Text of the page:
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The Electroplating Process
Electroplating, as used today, is the process through which a conductive object is coated with a layer of a different material to transfer properties of the new material to the surface of the object. The process, called electrodeposition, relies on electrical currents to coat the object, also known as the cathode, with positive cat-ions, transferred from the positively charge anode, (the other material). By using an electric charge to oxidize the anode, cat-ions with a positive charge are formed and then reduced at the cathode, thus depositing a coating of the anode’s material on the cathode.
Benefits of electroplating
In general, electroplating improves a wide range of characteristics not inherently present in the base material. Some of these benefits include:
- Improved corrosion resistance
- Decorative appeal
- Increased solderability
- Enhanced hardness
- Reduced friction
- Altered conductivity
- Enhanced paint adhesion
- Material deposition
- Increased magnetism
Cadmium plating was at one time used as a substitute for zinc and often plated on to miscellaneous automotive items. Aircraft manufacturers specified it for its sacrificial protection characteristics and its natural lubricity for components that were frequently removed and reinstalled. It was particularly suited to marine environments where it holds up well against fresh and salt water. Due to safety concerns, its use as a plating material has diminished over the years though it is still available. Many aerospace manufacturers have turned to zinc-nickel alloy plating.
Zinc is an inexpensive material that is used to provide a galvanized coating on many metal substrates. In addition to being electroplated, the element is applied by way of the Sherardizing process, by molten bath dipping, and by spraying. In the electrolytic, or cold process, the article to be plated is set up as a cathode in an electrolytic bath of soluble zinc salts together with an anode of metallic zinc. The process produces a highly ductile coating of pure zinc whose thickness and uniformity can be precisely controlled.
The Sherardizing process is used to coat small hardware items such as screws and nails. Items are loaded in a barrel together with zinc dust and heated to approximately 500F. The parts are tumbled in the barrel producing a coating that is about 90% zinc and 10% iron.
Molten zinc may also be applied by dipping or by manual coating of larger items. Sometimes a small amount of aluminum is added to the bath to improve fluidity and improve the coating of odd shapes. Likewise, a small percentage of tin in the bath aids in achieving a uniform coating of the substrate and an improved finish. The hot-dip process produces a layer of zinc-iron alloy adjacent to the base metal which can be somewhat brittle and affect the adhesion of the outer layers.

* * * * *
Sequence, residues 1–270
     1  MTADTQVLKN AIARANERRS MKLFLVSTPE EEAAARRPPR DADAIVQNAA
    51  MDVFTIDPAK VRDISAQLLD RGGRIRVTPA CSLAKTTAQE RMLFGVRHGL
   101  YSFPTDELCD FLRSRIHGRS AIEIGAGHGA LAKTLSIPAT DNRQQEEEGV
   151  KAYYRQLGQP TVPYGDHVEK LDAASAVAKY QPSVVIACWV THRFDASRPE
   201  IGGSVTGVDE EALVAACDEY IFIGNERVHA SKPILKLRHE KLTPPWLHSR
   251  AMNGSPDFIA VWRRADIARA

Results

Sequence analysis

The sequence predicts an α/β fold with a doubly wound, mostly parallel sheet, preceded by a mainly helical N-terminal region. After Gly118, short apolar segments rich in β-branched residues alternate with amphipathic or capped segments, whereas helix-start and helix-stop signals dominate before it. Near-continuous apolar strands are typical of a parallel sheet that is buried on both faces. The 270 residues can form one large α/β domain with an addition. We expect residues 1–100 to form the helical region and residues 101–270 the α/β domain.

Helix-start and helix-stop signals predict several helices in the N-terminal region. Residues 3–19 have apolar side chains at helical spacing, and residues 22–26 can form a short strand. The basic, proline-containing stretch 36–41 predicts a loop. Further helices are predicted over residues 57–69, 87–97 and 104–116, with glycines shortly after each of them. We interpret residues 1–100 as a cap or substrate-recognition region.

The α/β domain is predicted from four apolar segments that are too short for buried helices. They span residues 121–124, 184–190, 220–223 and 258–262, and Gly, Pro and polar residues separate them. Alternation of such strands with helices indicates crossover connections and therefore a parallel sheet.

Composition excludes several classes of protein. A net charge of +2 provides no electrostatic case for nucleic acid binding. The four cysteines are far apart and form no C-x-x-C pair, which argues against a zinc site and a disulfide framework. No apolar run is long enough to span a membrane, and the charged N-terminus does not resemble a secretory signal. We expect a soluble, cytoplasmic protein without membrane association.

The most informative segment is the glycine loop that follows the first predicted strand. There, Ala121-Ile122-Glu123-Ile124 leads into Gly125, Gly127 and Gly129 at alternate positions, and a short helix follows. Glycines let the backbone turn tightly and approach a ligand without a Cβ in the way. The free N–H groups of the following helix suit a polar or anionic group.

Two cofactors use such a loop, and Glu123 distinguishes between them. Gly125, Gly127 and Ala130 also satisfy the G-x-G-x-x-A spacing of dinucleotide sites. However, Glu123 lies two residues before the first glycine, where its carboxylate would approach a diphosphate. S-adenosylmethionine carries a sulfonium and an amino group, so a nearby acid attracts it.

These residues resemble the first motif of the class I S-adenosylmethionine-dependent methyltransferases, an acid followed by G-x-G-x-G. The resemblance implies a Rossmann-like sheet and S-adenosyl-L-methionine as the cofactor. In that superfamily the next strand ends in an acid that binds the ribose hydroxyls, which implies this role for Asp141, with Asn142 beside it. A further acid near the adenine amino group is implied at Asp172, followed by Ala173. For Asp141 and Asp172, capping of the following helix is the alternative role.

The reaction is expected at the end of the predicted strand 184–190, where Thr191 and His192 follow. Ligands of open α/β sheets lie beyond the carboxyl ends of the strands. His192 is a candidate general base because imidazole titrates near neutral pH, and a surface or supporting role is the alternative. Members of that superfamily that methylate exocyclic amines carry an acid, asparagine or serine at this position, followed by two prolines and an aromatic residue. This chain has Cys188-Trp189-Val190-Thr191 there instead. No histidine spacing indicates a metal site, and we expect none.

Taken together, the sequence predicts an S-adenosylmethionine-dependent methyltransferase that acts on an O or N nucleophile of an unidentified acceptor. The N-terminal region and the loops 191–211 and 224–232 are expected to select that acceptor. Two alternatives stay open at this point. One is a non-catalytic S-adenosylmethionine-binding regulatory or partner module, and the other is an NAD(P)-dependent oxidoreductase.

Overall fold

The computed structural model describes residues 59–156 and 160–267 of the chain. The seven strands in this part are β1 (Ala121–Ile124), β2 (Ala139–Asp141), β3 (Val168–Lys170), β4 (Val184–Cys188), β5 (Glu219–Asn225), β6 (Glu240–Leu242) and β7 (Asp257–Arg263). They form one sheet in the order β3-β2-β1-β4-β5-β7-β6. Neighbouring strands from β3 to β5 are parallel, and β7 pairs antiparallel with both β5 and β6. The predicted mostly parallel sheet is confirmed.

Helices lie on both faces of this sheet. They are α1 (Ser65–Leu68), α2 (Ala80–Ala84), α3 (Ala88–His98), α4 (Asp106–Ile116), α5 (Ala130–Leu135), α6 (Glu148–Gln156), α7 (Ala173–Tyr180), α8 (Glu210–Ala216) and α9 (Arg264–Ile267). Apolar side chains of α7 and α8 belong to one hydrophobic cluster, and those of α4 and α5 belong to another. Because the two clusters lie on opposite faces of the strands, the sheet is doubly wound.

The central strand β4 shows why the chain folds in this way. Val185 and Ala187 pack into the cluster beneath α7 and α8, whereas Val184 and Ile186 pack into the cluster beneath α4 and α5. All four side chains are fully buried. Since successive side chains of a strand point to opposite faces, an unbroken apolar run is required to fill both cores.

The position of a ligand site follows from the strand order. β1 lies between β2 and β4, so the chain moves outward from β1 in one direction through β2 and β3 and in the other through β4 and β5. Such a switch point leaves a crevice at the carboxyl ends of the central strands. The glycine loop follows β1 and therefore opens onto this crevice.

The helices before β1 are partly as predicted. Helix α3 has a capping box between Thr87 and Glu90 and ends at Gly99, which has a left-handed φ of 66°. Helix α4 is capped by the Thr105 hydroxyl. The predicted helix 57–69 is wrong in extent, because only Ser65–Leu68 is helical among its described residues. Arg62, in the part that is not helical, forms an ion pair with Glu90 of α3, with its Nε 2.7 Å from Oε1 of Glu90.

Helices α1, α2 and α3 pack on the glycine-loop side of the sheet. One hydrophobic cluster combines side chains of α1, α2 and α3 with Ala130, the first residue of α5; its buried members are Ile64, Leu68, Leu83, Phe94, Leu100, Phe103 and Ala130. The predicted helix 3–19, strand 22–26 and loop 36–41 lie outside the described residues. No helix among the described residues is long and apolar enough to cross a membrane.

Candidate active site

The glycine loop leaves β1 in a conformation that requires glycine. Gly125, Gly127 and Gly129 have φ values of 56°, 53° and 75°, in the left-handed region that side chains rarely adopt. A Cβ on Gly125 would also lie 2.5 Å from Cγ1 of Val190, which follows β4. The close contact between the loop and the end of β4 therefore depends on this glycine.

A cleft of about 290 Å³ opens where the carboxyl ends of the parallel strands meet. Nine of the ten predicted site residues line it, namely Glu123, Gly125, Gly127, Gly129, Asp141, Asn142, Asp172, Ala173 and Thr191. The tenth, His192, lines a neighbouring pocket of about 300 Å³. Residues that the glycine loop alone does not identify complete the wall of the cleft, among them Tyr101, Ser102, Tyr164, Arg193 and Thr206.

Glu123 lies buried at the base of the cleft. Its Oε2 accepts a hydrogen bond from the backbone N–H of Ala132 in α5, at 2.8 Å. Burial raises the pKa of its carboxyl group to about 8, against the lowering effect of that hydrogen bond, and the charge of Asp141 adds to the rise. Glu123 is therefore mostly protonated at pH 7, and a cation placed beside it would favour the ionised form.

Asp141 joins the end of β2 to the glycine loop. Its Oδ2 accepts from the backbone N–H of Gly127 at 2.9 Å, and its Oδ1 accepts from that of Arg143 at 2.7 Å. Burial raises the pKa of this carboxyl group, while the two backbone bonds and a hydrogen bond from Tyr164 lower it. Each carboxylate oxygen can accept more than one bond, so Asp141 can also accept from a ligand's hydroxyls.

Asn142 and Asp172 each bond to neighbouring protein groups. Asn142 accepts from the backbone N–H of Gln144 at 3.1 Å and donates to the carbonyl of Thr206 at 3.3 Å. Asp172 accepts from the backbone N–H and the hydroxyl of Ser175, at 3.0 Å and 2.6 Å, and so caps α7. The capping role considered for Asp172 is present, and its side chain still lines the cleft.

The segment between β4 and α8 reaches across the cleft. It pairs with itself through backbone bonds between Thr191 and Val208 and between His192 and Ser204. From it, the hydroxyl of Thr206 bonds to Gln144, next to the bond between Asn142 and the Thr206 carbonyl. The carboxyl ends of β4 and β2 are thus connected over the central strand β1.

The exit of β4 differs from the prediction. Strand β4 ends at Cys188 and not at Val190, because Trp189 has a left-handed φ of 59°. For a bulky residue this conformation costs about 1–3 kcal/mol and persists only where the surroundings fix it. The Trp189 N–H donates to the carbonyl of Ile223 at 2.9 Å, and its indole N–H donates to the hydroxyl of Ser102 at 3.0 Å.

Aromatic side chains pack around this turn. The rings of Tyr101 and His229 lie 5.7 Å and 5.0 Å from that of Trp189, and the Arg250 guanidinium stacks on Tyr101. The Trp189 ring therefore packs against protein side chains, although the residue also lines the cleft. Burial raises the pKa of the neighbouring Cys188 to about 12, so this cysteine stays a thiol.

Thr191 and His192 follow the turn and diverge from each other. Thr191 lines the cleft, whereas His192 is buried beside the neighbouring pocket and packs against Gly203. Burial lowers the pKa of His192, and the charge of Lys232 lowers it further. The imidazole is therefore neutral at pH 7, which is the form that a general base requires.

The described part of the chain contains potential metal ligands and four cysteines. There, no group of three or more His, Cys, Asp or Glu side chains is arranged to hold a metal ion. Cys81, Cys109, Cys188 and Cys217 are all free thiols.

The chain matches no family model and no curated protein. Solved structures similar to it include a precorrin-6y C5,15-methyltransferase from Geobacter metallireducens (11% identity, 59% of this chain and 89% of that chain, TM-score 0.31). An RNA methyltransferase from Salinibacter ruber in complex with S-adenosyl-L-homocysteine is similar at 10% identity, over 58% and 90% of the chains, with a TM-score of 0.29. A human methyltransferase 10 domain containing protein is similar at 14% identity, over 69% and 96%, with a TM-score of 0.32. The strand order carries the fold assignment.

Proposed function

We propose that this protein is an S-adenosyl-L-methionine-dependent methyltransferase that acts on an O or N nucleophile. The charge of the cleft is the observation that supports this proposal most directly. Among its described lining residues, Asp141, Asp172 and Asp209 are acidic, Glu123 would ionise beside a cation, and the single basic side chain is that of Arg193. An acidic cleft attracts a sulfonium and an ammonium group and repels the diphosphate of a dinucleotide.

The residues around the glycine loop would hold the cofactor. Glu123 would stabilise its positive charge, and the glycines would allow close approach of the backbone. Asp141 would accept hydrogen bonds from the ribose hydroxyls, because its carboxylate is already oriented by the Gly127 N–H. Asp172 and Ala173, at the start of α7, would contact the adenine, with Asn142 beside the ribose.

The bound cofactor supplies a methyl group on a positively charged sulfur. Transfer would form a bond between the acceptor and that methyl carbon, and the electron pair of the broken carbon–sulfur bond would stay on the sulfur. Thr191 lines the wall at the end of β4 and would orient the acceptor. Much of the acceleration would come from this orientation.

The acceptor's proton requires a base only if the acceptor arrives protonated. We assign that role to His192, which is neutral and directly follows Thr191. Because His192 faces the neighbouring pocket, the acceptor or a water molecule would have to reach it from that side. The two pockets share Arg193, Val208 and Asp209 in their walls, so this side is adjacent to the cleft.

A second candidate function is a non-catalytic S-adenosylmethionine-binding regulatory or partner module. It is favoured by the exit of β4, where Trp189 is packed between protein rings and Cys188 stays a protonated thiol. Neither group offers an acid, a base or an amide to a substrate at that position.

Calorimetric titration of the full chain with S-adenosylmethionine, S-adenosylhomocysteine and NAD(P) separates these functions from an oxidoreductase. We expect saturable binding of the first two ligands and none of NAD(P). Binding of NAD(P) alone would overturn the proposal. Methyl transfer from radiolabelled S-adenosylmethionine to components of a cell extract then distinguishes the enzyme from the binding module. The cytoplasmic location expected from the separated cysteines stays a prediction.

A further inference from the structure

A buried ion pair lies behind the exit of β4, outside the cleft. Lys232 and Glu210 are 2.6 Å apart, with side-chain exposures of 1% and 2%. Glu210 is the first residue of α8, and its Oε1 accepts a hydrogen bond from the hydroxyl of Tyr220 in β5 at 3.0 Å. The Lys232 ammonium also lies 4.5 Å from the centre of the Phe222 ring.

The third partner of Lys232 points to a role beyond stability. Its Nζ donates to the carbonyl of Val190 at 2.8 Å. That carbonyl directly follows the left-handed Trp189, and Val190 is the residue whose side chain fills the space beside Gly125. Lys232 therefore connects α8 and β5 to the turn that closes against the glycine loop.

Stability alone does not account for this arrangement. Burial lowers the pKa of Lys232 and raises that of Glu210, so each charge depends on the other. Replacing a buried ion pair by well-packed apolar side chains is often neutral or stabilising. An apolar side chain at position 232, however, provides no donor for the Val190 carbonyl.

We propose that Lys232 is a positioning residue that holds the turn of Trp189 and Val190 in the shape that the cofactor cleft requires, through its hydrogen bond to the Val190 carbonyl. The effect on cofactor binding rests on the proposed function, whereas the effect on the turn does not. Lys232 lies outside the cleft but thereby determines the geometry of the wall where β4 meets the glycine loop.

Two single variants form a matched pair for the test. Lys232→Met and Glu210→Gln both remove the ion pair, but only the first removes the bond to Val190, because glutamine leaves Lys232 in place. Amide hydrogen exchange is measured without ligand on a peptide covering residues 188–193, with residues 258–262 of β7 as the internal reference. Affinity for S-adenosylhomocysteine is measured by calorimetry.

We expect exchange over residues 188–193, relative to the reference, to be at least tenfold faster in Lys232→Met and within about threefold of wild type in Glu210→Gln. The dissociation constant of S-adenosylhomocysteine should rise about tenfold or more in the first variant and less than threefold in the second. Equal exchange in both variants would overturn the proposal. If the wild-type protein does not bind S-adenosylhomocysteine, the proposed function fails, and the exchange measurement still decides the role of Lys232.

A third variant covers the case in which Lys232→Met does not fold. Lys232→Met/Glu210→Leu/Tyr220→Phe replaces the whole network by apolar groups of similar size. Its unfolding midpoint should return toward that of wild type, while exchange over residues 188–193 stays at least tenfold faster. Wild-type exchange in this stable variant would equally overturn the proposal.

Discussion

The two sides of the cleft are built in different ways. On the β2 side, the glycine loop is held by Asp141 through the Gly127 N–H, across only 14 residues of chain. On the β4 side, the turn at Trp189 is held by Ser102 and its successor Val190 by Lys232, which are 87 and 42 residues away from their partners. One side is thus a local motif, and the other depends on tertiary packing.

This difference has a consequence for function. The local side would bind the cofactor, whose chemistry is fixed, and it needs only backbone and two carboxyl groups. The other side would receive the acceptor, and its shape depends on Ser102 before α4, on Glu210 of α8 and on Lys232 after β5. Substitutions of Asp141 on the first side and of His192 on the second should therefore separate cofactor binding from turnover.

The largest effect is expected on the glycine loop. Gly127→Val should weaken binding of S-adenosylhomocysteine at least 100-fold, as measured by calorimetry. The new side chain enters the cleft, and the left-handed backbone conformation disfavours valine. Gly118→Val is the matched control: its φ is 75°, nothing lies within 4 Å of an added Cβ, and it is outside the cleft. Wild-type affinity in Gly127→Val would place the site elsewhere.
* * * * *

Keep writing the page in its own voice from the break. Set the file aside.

Metal spraying, or metalizing, uses a flame to melt metal powders or wire and impinge them upon a substrate surface, producing a mechanical bond between the coating and the base metal. The surface of the base metal needs to be somewhat rough for the mechanical bonding to take place but fairly thick coatings can be applied in this manner. The coatings can be porous too, but because zinc is anodic to iron and steel, this does not affect the coating’s ability to fend off corrosion. The porous nature of the sprayed metal also makes it good at holding paint.
Chromium plating often serves a merely decorative purpose but it also fosters heightened corrosion resistance and hardness, making it useful for industrial applications where wear is a concern. Here it is referred to as hard chrome plating, and it is sometimes used to restore tolerances on worn parts. Chromium is most often plated over nickel in the production of steel furniture, automotive trims, etc. Nickel itself is usually plated over copper, and the combination of these three element layers only protects the underlying metal from corrosion by excluding air and moisture; that is, there is no anodic action. Thus, the platings must be properly applied to achieve suitable corrosion protection.